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Base Rates of Effort Test Failure in Veterans Diagnosed with Dementia: Alternative Cutoffs to Reduce False Positives in a Clinical Sample John Denning, Ph.D . and Randy Petersen, Ph.D. Tennessee Valley Healthcare System, Alvin C. York VA Medical Center, Murfreesboro , Tennessee. Abstract

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Base Rates of Effort Test Failure in Veterans Diagnosed with Dementia: Alternative Cutoffs to Reduce False Positives in a Clinical Sample

John Denning, Ph.D. and Randy Petersen, Ph.D.

Tennessee Valley Healthcare System, Alvin C. York VA Medical Center, Murfreesboro, Tennessee

Abstract

Objective: Measures to detect the exaggeration of cognitive deficits have not been rigorously studied in large dementia samples. This study provides base rates of effort test failure and proposed cutoffs for freestanding and embedded measures in a sample of veterans diagnosed with dementia. Methods: Review of patients seen in a VA Neuropsychological clinic and diagnosed with dementia (n = 144, mean age = 73, mean education = 11; men = 98%, Caucasian = 90%). The Medical Symptom Validity Test (MSVT), Test of Memory Malingering Trial 1 (TOMM1 total, and errors on the first 10 items – TOMMe10), and embedded measures derived from the WAIS-III (Digit Span, Reliable Digit Span, WMI, and PSI), Brief Visuospatial Memory Test-Revised (recognition hits), Finger Tapping (dominant hand), and CVLT-II (forced choice) were included. Standard cutoffs were used for each measure and proposed cutoffs were derived with attempts to minimize false positives (FPs). Results: There were high FP rates across most embedded measures ranging from 28% to 47% at standard cutoffs with the only acceptable measure being Digit Span (ACSS ≤ 5, 8% FP rate). There was a 56% failure rate on the MSVT; however, the “Dementia Profile” accurately identified 94% of patients (6% FP rate). Adjusting TOMM1 from ≤ 40 (29% FP rate) to ≤ 30 resulted in a 9% FP rate. Conclusions: Base-rate data are sparse for how dementia patients perform on embedded and freestanding measures of cognitive exaggeration. Lower cutoffs appear warranted except for Digit Span and MSVT. Future studies may benefit from combining embedded and freestanding measures to reduce FP rates in dementia.

1Mild Dementia: n = 64; 2Severe Dementia: n = 61; 3Total Sample: n = 144

  • Introduction
  • Veterans presenting for assessment and treatment who have a history of Dementia is increasingly common.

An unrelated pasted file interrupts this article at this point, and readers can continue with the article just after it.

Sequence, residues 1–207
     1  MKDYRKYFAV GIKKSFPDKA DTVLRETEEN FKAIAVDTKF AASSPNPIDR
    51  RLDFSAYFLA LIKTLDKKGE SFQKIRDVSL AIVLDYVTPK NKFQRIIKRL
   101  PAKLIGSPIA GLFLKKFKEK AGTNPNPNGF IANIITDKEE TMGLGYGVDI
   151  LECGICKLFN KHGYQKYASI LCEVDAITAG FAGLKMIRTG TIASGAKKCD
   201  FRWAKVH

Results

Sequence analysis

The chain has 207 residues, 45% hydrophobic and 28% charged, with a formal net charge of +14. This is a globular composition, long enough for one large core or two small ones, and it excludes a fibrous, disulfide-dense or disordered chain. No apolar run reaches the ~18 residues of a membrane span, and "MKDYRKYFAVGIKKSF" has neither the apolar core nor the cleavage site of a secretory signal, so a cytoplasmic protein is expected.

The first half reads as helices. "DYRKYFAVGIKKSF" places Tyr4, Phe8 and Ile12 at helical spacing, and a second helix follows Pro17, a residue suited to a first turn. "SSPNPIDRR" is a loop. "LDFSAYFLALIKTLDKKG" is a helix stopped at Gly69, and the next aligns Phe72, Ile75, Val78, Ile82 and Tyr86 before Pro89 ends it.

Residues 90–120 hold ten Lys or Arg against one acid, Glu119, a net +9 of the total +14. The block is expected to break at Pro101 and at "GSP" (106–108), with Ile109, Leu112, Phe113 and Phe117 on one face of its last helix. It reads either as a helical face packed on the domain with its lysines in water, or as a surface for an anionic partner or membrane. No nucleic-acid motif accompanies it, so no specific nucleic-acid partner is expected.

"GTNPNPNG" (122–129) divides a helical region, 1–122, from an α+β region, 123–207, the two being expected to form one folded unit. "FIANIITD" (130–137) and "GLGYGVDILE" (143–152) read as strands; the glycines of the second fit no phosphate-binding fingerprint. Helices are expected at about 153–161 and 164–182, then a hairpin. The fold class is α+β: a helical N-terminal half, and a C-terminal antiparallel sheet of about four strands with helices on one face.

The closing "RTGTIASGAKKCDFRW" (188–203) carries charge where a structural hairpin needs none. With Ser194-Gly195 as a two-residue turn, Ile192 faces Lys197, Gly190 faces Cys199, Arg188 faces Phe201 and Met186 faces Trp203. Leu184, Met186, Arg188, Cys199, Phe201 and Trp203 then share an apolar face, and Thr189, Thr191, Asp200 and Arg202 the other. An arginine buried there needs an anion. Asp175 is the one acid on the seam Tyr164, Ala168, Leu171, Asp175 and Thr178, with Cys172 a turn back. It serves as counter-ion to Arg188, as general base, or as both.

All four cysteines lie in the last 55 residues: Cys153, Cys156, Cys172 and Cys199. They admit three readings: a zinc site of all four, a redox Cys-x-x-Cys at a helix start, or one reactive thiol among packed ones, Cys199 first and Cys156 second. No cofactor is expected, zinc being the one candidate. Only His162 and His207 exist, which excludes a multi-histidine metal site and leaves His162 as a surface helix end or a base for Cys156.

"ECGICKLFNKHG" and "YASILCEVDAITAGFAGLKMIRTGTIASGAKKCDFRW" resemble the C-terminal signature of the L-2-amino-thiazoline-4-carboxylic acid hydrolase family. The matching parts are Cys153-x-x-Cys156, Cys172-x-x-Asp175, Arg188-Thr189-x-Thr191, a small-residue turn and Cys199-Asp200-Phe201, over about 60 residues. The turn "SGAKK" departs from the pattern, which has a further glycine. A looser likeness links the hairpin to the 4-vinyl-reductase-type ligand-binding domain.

• Performance of individuals with dementia on tests of effort is rather limited and these individuals are often excluded from validation and/or replication studies.
  • Traditional cutoffs on tests of effort tend to yield high rates of false positives (FP) in Dementia samples.
  • We assessed the performance of a heterogeneous group of dementia patients on both freestanding and embedded measures of cognitive exaggeration
  • Methods
  • Collected scores on freestanding and embedded measures of effort as part of overall neuropsychological evaluation
  • Two smaller subsets of Dementia were identified based on Trail Making Test performance
    • Mild Dementia: Completed Trails A and Trails B
    • Severe Dementia: Completed Trails A, but was unable to complete or understand Trails B
  • Examined false positive (FP) rates of traditional and adjusted cutoff scores
  • False positive rate of 10% as a goal for adjusted cutoffs for individuals with dementia
  • Results
  • Standard cutoffs on both freestanding and embedded measures of effort produced high false positive rates
  • A cutoff score of ≤ 30 on TOMM1 lowered the FP rate (9%) in the Total dementia sample while a cutoff score of ≤ 35 was adequate in cases of mild dementia
  • MSVT “Dementia Profile” needed no adjustment
  • Digit Span (ACSS) needed no adjustment
  • Adjusted cutoffs reduced FP rates to < 10% mostly in the mild dementia group
  • Conclusions
  • Lower cutoff scores appear warranted for most free standing and embedded measures of effort to reduce the false positive rates to ≤ 10%, particularly in cases of more mild dementia
  • Participants
    • 144 Veterans seen in a neuropsychology clinic
    • All were diagnosed with Dementia
    • Mild Dementia: n = 64; Severe Dementia: n = 61
    • Mean: Age = 73, Education = 11 yrs
    • 98% Male, 90% Caucasian, 11% African American

* The views expressed in this poster are those of the authors and do not reflect the position of the DVA or United States Government. This work was supported by the resources at the Tennessee Valley Healthcare System, Alvin C. York VA Medical Center, Murfreesboro, TN